I never delved much into sketching, but I do remember the common lament that hands are the hardest to draw convincingly. I never had much of a problem with hands, but I could never get the arms to look life-like. I don't know what I would do with fat arms except go all Dali on them. Maybe some melting clocks, an elephant on stilts or two, possibly Little Debbie's snack cake...

Ann Althouse said...

And of course I realize that you can make it your job to find what is interesting about whatever it is you are told to be interested in right now.

If you took LSD, it would be easy. You'd be like Aldous Huxley, in "Doors of Perception,":

"...I looked down by chance, and went on passionately staring by choice, at my own crossed legs. Those folds in the trousers—what a labyrinth of endlessly significant complexity! And the texture of the gray flannel—how rich, how deeply, mysteriously sumptuous!"

Those folds!

"Draperies, as I had now discovered, are much more than devices for the introduction of non-representational forms into naturalistic paintings and sculptures. What the rest of us see only under the influence of mescalin, the artist is congenitally equipped to see all the time. His perception is not limited to what is biologically or socially useful. A little of the knowledge belonging to Mind at Large oozes past the reducing valve of brain and ego, into his consciousness. It is a knowledge of the intrinsic significance of every existent. For the artist as for the mescalin taker draperies are living hieroglyphs that stand in some peculiarly expressive way for the unfathomable mystery of pure being. More even than the chair, though less perhaps than those wholly supernatural flowers, the folds of my gray flannel trousers were charged with “is-ness.” To what they owed this privileged status, I cannot say. Is it, perhaps, because the forms of folded drapery are so strange and dramatic that they catch the eye and in this way force the miraculous fact of sheer existence upon the attention? Who knows? What is important is less the reason for the experience than the experience itself. Poring over Judith’s skirts, there in the World’s Biggest Drug Store, I knew that Botticelli—and not Botticelli alone, but many others too—had looked at draperies with the same transfigured and transfiguring eyes as had been mine that morning. They had seen the Istigkeit, the Allness and Infinity of folded cloth and had done their best to render it in paint or stone. Necessarily, of course, without success. For the glory and the wonder of pure existence belong to another order, beyond the power of even the highest art to express. But in Judith’s skirt I could clearly see what, if I had been a painter of genius, I might have made of my old gray flannels. Not much, heaven knows, in comparison with the reality, but enough to delight generation after generation of beholders, enough to make them understand at least a little of the true significance of what, in our pathetic imbecility, we call 'mere things' and disregard in favor of television."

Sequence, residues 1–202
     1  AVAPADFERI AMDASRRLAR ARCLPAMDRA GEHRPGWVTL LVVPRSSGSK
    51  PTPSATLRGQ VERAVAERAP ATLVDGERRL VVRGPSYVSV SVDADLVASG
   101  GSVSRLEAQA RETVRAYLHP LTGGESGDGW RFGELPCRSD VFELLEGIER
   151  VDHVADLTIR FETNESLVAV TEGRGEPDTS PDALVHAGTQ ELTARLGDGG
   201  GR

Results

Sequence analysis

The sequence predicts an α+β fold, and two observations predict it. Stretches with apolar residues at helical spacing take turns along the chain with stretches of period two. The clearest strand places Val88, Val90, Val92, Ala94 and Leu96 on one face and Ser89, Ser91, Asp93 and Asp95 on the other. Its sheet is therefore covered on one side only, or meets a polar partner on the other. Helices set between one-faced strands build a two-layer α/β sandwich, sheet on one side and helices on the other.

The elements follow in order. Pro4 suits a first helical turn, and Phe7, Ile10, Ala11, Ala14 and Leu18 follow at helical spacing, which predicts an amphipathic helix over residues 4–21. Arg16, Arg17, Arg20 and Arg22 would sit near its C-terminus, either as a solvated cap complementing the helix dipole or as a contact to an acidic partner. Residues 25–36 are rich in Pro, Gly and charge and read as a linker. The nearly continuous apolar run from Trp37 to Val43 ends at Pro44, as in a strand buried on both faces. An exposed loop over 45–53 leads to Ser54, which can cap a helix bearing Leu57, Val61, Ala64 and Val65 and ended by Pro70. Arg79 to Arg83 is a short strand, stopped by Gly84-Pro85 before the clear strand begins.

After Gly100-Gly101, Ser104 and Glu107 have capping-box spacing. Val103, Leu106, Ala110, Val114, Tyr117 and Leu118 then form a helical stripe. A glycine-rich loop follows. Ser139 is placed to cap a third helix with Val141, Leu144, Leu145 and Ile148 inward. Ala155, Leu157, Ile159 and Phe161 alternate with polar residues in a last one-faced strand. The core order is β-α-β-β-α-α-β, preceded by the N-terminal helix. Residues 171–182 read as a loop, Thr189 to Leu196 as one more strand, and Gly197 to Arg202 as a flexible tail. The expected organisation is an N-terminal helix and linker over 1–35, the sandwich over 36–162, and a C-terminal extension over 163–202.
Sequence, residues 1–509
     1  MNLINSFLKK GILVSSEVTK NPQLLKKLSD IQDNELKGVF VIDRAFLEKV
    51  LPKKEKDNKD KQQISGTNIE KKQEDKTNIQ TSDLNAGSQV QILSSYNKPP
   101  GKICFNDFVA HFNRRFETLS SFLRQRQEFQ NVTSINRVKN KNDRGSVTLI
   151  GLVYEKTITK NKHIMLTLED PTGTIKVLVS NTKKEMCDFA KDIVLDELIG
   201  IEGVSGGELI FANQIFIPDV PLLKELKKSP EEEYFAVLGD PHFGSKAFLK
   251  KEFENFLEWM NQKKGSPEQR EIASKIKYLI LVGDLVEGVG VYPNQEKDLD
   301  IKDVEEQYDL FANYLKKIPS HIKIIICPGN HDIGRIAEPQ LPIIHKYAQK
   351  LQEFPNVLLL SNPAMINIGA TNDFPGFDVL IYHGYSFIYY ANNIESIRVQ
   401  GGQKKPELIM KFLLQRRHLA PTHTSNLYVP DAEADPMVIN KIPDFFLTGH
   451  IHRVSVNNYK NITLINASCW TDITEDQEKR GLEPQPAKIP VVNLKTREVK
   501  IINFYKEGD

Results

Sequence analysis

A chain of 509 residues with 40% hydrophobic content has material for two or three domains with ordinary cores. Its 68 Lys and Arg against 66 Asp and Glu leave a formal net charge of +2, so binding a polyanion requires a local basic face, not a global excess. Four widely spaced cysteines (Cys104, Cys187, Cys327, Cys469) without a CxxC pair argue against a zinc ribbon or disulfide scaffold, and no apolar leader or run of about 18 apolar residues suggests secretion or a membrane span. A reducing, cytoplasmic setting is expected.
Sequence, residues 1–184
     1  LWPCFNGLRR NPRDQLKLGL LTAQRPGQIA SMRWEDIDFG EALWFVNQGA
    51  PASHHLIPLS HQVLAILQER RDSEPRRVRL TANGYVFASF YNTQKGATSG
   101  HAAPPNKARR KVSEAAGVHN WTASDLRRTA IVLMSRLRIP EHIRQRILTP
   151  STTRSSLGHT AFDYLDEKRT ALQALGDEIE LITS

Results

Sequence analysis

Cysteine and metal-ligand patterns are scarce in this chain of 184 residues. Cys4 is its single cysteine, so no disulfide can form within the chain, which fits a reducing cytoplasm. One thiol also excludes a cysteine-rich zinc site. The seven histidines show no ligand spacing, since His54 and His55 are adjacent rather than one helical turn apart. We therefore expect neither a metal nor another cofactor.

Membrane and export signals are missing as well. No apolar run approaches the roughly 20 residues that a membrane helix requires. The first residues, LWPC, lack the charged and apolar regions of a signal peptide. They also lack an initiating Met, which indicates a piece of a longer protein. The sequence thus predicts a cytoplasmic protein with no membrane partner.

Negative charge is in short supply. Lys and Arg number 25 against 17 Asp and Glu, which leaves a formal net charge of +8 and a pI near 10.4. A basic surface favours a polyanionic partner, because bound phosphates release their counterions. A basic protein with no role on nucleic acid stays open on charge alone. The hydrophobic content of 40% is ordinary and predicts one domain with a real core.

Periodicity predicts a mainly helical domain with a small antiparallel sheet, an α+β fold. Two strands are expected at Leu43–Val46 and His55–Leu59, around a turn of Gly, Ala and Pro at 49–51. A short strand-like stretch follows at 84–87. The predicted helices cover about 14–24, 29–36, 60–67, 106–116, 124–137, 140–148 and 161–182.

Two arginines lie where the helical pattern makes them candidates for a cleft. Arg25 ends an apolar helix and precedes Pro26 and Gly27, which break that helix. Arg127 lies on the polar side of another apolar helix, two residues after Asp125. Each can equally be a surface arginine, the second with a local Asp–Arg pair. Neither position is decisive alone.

Robert Cook said...